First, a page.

Is there any doubt we will continue on a path of stimulus, resulting in higher commodity prices?
''Federal Reserve officials, impatient with the economy's sluggish growth and high unemployment, are moving closer to taking new steps to spur activity and hiring.
Federal Reserve officials, impatient with the economy's disappointing performance, are moving closer to taking new actions to spur growth and employment if they don't see evidence soon that activity is picking up on its own. Jon Hilsenrath has details on The News Hub.
Since their June policy meeting, officials have made clear -- in interviews, speeches and testimony to Congress -- that they find the current state of the economy unacceptable. Many officials appear increasingly inclined to move unless they see evidence soon that activity is picking up on its own.
Amid the recent wave of disappointing economic news, conversation inside the Fed has turned more intensely toward the questions of how and when to move. Central bank officials could take new steps at their meeting next week, July 31 and Aug. 1, though they might wait until their September meeting to accumulate more information on the pace of growth and job gains before deciding whether to act.
Stocks Pare Losses on News
Stocks are bouncing off session lows in the final trading hour on the news that Fed officials are moving closer to taking new actions if the labor market and economic growth don't pick up soon.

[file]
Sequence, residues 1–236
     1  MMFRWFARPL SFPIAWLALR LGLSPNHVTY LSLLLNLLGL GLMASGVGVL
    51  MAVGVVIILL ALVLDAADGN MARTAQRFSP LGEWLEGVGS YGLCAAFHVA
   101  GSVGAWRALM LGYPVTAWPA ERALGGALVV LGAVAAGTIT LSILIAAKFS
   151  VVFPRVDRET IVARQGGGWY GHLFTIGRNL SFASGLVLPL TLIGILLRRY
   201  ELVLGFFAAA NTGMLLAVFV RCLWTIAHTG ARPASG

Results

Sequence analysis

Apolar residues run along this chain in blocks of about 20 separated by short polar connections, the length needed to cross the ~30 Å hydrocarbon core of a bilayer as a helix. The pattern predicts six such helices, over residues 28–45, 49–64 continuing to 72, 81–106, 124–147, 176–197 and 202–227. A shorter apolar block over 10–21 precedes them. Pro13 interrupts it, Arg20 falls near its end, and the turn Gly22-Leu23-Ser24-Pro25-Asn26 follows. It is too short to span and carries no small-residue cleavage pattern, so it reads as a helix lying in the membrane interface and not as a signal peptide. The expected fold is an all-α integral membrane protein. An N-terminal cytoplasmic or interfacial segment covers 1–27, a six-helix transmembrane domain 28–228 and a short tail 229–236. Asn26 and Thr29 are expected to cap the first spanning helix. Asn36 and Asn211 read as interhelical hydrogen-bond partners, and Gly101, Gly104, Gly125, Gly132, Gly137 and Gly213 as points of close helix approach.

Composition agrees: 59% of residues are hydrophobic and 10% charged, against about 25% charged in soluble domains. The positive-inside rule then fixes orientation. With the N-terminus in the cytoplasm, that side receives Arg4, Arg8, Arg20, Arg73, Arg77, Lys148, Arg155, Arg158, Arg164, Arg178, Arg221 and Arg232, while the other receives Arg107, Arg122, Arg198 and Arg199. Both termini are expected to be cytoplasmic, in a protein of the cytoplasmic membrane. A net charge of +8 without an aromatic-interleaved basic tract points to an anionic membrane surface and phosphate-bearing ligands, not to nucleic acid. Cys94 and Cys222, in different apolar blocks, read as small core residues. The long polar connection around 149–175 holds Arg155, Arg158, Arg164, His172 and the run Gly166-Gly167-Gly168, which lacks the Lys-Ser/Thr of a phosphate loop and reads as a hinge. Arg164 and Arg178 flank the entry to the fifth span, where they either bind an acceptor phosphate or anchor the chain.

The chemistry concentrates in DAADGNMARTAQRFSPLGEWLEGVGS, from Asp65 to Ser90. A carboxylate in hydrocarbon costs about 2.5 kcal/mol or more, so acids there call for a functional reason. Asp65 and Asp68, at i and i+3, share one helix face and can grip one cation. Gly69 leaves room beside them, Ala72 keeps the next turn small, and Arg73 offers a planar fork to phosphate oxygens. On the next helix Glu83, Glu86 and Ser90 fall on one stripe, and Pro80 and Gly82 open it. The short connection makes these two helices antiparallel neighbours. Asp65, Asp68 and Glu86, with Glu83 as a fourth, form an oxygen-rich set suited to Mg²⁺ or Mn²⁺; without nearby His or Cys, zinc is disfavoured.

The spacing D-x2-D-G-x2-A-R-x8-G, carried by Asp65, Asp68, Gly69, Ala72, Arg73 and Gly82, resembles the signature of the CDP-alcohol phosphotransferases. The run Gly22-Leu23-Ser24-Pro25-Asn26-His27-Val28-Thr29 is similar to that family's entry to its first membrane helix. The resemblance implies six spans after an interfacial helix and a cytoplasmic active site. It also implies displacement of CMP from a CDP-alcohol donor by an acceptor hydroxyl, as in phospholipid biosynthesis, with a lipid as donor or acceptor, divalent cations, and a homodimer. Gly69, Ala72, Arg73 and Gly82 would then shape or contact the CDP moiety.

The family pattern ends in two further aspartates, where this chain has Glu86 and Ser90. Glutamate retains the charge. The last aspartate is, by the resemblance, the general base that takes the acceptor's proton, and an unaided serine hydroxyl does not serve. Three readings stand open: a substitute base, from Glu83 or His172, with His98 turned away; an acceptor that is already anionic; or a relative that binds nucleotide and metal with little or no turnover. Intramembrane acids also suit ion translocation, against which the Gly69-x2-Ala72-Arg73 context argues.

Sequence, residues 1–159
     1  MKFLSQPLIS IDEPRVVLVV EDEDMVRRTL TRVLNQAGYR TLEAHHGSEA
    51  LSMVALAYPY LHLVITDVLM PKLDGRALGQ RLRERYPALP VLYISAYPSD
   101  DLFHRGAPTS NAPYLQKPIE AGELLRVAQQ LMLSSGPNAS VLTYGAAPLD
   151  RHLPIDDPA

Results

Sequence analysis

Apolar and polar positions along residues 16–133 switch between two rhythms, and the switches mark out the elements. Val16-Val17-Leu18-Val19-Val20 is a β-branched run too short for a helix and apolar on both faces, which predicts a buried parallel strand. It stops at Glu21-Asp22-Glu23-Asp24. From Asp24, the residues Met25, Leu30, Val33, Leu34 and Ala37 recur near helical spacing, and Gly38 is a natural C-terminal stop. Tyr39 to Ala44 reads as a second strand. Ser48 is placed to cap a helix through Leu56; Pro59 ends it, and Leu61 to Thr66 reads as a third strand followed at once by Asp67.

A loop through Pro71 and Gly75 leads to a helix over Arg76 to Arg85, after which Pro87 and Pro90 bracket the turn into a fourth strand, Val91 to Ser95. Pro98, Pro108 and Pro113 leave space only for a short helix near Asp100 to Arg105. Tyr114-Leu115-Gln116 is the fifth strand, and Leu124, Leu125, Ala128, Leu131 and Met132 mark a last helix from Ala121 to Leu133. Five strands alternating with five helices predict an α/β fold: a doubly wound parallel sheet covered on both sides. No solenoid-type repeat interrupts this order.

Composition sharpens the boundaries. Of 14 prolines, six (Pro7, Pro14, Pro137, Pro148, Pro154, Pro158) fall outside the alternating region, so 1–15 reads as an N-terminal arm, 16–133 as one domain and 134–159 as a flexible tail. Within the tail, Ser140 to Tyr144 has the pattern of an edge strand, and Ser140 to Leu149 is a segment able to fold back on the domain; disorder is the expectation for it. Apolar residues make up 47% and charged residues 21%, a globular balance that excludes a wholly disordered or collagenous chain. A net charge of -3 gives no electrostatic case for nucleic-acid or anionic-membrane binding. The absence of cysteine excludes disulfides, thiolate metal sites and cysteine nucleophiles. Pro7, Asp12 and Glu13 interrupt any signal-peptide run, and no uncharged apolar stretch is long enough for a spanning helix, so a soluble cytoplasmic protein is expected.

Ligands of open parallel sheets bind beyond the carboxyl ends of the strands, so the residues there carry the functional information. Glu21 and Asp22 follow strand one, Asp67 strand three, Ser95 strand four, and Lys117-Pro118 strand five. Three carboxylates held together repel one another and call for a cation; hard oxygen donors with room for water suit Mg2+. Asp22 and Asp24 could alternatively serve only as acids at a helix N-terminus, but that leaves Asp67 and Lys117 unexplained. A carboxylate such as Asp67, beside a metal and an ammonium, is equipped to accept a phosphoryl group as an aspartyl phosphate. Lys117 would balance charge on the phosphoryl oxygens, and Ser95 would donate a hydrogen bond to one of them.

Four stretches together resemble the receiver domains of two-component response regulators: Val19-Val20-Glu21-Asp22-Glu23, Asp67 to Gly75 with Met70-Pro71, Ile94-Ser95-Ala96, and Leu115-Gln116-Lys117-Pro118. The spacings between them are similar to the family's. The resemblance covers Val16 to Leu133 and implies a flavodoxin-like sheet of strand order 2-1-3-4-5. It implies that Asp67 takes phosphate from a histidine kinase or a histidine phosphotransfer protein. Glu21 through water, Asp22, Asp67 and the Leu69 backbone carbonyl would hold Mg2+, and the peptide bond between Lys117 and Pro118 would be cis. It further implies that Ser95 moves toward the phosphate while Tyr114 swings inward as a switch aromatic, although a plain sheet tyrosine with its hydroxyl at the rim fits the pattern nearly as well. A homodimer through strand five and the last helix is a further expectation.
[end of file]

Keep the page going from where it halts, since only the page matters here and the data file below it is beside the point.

Fed officials could take some actions in combination or one after another. Fed Chairman Ben Bernanke, in testimony to Congress last week, listed several options under consideration, including a new program of buying mortgage-backed or Treasury securities, new commitments to keep short-term interest rates near zero beyond 2014 or an effort to push already-low benchmark short-term interest rates even lower.
Determined to keep trying to get the economy going without causing inflation, the Fed is exploring other novel measures. One idea mentioned by Mr. Bernanke in his testimony would be to use a facility the Fed calls its discount window to provide cheap credit directly to banks that make new business or consumer loans.''